Rediger, the academic grandee and politician who offers Francois the keys to the kingdom, plays Mephistopheles to Francois's Faust (and doesn't "Francois" sound curiously close to "France"?). Rediger in the novel is part politician and part scholar, and 100% ambitious as drawn by Houellebecq. The character's name is very similar to that of real-life French intellectual Robert Rediger, of whom Wikipedia informs us (we cut and paste in solidarity with Houellebecq's public stance that copying Wikipedia is not plagiarism):

Robert Redeker is a French writer and philosophy teacher. He was teaching at the Pierre-Paul-Riquet high school, in Saint-Orens-de-Gameville, and at the École Nationale de l'Aviation Civile. He is currently in hiding under police protection.
On 19 September 2006, a few days before the Islamic month of Ramadan, he wrote an opinion piece for Le Figaro, a French secular and conservative newspaper, which quickly removed the article from its public database. In it, he attacked Islam and Muhammad, writing: "Pitiless war leader, pillager, butcher of Jews and polygamous, this is how Mohammed is revealed by the Koran." He called the Qur'an "a book of incredible violence", adding: "Jesus is a master of love, Muhammad a master of hate."[1] That day's issue of Le Figaro was banned in Egypt and Tunisia.[2] Afterwards, Redeker received various death threats originating from one Islamist website (where he was sentenced to death; they posted his address and a photograph of his home). He requested and was given police protection.[2][3] A man has been arrested because of a hate mail he sent to Redeker.
On 3 October 2006 a group of renowned French intellectuals published "appel en faveur de Robert Redeker" (an appeal in support of Robert Redeker) in Le Monde, among them Elisabeth BadinterAlain FinkielkrautAndré GlucksmannClaude Lanzmann (with the editorial staff of "Les Temps Modernes") and Bernard-Henri Lévy. They see their most fundamental liberties endangered by a handful of fanatics under the pretense of religious laws, and decry the tendency in Europe to avoid "provocations" in order to not anger supposed foreign sensitivities.[4] The vast majority of the "official" responses was, however, hostile to the ex-philosophy teacher - including France's 'Le Monde' who "characterized Redeker’s piece as “excessive, misleading, and insulting.”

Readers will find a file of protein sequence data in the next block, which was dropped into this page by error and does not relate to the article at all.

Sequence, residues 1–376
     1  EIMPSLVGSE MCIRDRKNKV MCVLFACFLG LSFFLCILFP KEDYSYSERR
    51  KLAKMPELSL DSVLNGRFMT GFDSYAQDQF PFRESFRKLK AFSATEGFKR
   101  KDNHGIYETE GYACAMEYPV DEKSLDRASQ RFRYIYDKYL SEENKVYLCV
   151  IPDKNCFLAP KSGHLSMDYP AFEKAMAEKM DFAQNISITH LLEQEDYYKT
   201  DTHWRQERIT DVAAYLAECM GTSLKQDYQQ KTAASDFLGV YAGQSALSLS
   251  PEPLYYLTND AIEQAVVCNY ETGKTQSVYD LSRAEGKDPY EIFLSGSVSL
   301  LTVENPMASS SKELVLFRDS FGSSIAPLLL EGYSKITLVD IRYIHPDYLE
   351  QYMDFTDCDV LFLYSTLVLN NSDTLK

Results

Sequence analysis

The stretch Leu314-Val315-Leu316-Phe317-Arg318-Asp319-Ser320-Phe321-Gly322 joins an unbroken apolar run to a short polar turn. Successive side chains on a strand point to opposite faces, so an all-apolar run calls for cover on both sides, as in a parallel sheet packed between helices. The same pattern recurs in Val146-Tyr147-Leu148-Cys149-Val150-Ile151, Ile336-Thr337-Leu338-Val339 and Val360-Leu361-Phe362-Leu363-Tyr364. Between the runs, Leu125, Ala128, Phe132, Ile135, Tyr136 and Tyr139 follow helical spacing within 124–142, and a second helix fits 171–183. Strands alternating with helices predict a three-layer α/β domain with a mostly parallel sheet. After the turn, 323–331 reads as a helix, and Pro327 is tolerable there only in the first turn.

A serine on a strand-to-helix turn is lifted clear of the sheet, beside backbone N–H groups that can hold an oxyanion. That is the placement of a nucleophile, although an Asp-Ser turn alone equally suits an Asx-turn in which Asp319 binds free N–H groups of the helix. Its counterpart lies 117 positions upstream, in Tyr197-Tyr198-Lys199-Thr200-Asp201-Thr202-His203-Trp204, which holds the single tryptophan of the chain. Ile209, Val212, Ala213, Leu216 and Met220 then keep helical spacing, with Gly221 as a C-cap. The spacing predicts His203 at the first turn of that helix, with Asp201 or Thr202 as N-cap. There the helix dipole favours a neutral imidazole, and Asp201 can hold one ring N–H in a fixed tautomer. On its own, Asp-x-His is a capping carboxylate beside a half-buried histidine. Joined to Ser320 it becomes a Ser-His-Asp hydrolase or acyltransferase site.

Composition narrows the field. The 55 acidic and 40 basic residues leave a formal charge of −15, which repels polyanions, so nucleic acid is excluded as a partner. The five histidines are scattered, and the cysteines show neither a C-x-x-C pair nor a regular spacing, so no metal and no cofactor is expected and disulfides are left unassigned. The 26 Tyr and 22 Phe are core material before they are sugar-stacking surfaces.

In Submission, Rediger takes the road not taken by Redeker in real life--submission to Islam--and therefore basks in worldly success, spiritual peace and bourgeois contentment. 

That, in a sense, makes Submission a counter-factual novel, along the lines of those "What if Hitler had won the Second World War?" books which describe Piccadilly Circus in London festooned with Swastikas after the Duke of Windsor and Wallace Simpson became King and Queen of England. Houellebecq has in effect taken France's history of collaboration with the Germans under Vichy and transposed its attitudes of acceptance to a contemporary threat.

Likewise, Submission recalls Voltaire's Candide: Or Optimism, with Rediger in place of Dr. Pangloss and Francois in Candide's role. As such, it is very, very, very French.

And again, Submission is also the title of the 2004 Dutch film by Theo Van Gogh and Ayaan Hirsi Ali that led to his murder and her exile. The gist of their film was that Islam literally meant 
Wait, there's more... Submission might have one more jeu de mots at work. To judge this book by its cover--a sheaf of manuscripts bound with red tape--it looks like a manuscript submission for publication, a doctoral dissertation, or a submission to the Academie Francaise

Perhaps in publishing this satire, Houellebecq has made his submission to the Invisible College of the Republic of Letters, an application from an engage French philosophe, in the tradition of Voltaire, Montesquieu, and Rousseau to join the immortals of Western Civilization opposed to Superstition, Feudalism, and Religious Intolerance.

Whether Houellebecq manages to enter the Pantheon because of this book, only time will tell...but he certainly has made a courageous literary effort, taking a literary stand on behalf of France's civilizing mission in the Clash of Civilizations.

Sunday, October 18, 2015

Benedict Cumberbatch's Hamlet Rings True Today

Benedict Cumberbatch's performance as Hamlet came to Washington's Mazza Gallerie mall last Thursday night. On the giant screen, live in HD from the Barbican (well, tape-delayed, as we saw the 7 pm encore), Cumberbatch's huge head in tight close-up--so close that you could literally see him sweat--made for riveting viewing.

Perhaps not the most elevated interpretation ever staged, perhaps a bit juvenile, rather loud,  too "trendy" (Horatio as an urban hipster seemed a bridge too far), too sooty (couldn't King Claudius afford a cleaning crew so that the court wouldn't have to walk over piles of debris in Act II?), yet, nevertheless, proving that the Bard still has what it takes to pack in audiences after 400 years, and is relatively invulnerable to stupid stage gimmicks, as well.